Sadly, composting is not something that just happens... Well, obviously it does just happen but for it to happen efficiently takes a bit of work. To be brutally honest not many of us have the space for a compost heap or the inclination to nurture it but something has to be done with the garden waste we produce and consigning it to a land fill site is not the answer.

If you maintain your own garden you need to do something with your garden waste. Most local authorities have collection points where you can deposit green waste, they will also arrange for a regular collection at a price. Be very wary of paying people to dispose of your garden waste at knock down prices. It is illegal to introduce some plant species into the wild and if you pay someone and they ultimately fly tip the waste in a field or road side you may be held accountable in law.

The biggest mistake which people make when home composting is piling up huge mounds of grass clippings and waiting for something to happen. Grass clippings are mainly nitrogen rich and an effective compost heap needs a high level of carbon, hence you need to add woody waste, paper and even cardboard. Ideally all waste should be shredded to accelerate the composting action and the heap needs to be turned frequently to get oxygen into the mixture. If you have a compost bin you need to turn the mixture regularly so, although they are more expensive "tumbling" composters are a better option. Ideally your compost should heat up so that it steams on a winter morning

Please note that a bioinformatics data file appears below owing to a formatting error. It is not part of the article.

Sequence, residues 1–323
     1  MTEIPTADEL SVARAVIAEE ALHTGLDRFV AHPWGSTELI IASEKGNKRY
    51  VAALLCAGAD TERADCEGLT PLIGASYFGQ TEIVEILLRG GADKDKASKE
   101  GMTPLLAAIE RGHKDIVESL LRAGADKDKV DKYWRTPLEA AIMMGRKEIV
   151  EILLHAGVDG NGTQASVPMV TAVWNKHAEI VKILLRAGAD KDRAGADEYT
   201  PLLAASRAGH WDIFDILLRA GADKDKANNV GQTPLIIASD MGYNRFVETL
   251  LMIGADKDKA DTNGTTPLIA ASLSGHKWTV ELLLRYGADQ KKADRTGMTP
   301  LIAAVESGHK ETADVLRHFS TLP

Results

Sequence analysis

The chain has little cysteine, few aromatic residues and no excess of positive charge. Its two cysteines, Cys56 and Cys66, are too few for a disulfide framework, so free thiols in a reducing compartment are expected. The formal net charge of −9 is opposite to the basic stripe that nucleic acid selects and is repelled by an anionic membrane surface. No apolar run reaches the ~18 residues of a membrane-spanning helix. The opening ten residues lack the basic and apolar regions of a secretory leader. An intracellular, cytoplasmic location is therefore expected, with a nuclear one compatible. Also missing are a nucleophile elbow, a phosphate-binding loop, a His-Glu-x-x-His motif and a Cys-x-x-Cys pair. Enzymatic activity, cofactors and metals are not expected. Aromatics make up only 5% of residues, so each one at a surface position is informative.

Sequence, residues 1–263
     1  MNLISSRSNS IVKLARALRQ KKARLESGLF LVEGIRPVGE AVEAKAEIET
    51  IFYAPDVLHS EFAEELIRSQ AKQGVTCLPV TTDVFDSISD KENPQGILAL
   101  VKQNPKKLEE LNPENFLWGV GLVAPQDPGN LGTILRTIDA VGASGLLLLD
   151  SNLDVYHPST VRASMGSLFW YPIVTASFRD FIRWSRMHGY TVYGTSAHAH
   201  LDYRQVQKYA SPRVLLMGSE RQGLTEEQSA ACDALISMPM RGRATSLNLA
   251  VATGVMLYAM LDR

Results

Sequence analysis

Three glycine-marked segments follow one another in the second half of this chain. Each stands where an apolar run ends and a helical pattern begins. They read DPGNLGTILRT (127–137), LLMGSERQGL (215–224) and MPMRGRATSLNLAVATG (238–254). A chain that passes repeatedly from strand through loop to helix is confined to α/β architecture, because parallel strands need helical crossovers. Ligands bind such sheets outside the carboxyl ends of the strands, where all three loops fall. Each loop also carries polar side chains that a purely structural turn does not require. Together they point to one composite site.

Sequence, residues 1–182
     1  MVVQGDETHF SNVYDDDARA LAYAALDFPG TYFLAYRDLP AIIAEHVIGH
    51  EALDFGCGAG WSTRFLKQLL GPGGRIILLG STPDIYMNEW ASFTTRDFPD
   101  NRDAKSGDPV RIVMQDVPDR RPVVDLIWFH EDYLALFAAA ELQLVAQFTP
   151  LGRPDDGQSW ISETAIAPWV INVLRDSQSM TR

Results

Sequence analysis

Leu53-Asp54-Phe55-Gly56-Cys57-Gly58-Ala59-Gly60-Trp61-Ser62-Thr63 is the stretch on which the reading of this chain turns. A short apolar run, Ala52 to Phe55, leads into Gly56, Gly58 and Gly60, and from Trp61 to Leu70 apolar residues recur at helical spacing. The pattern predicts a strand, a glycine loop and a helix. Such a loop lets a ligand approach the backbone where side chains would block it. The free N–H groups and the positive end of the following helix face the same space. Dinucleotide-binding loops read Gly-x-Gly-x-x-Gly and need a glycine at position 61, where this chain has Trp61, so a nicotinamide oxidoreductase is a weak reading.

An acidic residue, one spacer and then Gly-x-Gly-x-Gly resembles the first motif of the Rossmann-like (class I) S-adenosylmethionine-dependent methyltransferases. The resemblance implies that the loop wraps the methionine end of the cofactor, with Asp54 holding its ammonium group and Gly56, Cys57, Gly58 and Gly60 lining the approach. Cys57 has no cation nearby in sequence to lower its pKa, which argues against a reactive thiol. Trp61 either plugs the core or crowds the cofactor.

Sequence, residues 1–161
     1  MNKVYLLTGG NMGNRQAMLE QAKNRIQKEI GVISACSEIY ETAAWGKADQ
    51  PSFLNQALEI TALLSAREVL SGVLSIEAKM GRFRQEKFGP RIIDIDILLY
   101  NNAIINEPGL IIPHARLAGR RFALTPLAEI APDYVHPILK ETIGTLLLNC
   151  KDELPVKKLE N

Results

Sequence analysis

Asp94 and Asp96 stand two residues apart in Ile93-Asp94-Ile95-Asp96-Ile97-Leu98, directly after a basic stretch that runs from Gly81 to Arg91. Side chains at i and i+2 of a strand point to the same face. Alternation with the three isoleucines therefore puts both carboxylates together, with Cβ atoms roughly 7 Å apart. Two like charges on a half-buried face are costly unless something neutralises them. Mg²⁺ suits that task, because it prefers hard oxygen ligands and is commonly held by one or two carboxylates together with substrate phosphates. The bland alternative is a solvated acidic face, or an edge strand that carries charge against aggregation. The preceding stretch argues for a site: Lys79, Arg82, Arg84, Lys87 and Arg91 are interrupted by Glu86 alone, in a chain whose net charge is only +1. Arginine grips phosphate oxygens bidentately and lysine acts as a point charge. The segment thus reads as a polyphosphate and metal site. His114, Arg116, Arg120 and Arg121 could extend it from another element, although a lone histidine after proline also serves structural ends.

Vermiculture is fun and an efficient way of dealing with small amounts of kitchen waste. Although wormeries can be expensive to buy they can be made at home quite easily and inexpensively. A small wormery can be kept in a corner of the garage or simply tucked into a corner of the garden where it will produce a rich black compost and a liquid plant feed without odour or hard labour.

Never add cooked food to compost as it attracts vermin. Likewise never add cat, dog or human faeces. Apart from the smell any pathogens are unlikely to be destroyed.